There were angry scenes at the funerals of those killed in Falluja
Thirteen Iraqis were reportedly killed when US forces opened fire on demonstrators on Monday night in the Iraqi town of Falluja.
There are conflicting reports as to what happened in the town, which lies 50 kilometres (35 miles) west of Baghdad.
US paratroopers from the 82nd Airborne Division started shooting after coming under fire from approximately 25 armed civilians mixed within a crowd of some 200 protesters outside a compound they were occupying in the town, a statement from US Central Command (CentCom) said.
But Iraqi witnesses said the protesters were unarmed and that the soldiers opened fire without warning on a peaceful crowd, which was protesting against the US forces' use of a school as their barracks.
Whoever was responsible for starting the gunbattle, the deaths of more civilians will increase the growing tension between Iraqis and the occupying coalition forces, says the BBC's Claire Marshall in Baghdad.
The incident in Falluja is the latest in a series of deadly clashes involving US troops and Iraqi protesters over the last weeks.
Earlier this month, US marines opened fire on angry demonstrators in the northern city of Mosul. Ten people are thought to have been killed in the incident.
US forces first denied responsibility for the killings, but later admitted they did shoot and kill a number of Iraqis during the protest.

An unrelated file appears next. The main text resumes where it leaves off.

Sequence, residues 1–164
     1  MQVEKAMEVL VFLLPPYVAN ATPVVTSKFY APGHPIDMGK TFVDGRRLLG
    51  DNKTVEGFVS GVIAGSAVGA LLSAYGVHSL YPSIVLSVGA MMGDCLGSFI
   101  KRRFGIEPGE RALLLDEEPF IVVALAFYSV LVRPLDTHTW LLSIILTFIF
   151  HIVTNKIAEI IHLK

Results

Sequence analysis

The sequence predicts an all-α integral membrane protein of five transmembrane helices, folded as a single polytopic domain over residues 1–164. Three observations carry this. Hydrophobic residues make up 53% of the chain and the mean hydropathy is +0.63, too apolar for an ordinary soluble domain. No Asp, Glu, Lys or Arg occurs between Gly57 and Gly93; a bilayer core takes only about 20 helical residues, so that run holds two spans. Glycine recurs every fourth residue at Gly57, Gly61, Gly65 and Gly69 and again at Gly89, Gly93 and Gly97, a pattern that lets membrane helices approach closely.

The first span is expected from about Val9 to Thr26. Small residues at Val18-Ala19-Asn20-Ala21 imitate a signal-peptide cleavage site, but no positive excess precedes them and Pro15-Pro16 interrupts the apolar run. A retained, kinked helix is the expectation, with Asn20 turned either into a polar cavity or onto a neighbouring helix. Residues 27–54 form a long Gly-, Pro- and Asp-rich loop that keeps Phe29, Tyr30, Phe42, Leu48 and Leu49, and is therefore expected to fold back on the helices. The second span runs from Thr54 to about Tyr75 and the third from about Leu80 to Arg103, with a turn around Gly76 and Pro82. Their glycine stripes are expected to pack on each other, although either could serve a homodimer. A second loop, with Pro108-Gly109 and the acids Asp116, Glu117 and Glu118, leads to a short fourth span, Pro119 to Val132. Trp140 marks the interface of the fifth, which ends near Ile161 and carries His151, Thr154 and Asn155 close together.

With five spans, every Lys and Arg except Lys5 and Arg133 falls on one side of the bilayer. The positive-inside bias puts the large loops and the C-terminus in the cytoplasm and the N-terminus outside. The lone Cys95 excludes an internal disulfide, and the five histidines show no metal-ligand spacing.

In a separate incident on Tuesday, a US soldier on a civil affairs mission was shot and wounded by an unknown assailant in the centre of Baghdad, CentCom said in a statement.
American forces are reported to have entered Falluja - a conservative
Sunni Muslim city and Baath Party stronghold - for the first time two days ago.
Demonstrators had been marking Saddam Hussein's 66th birthday when the Americans opened fire, local witnesses say.
Protesters were carrying portraits of their ousted leader and Iraqi flags when they approached the school manned by US troops, they say.
It was a peaceful demonstration. They did not have any weapons. They were asking the Americans to leave the school so they could use it
Local Sunni cleric Kamal Shaker Mahmoud
A US officer at the scene, Lieutenant Colonel Eric Nantz, said the bloodshed occurred after the crowd shot into the
air, making it hard to tell if his men were under threat.
"There was a lot of celebratory firing last night," he told Reuters news agency.
"There were a lot of people who were armed and who were throwing rocks. How is a US soldier to tell the difference between a rock and a grenade?"
But a local Sunni cleric said the demonstration was peaceful.
"They did not have any weapons. They were asking the Americans to leave the school so they could use it," Kamal Shaker Mahmoud told Reuters.
According to local residents, several children were among the dead.
But US forces would be unable to account for the dead as the crowd took away the wounded and dispersed after the incident, CentCom said.
Correspondents say citizens had vowed to seek revenge during the funerals of those killed which took place on Tuesday.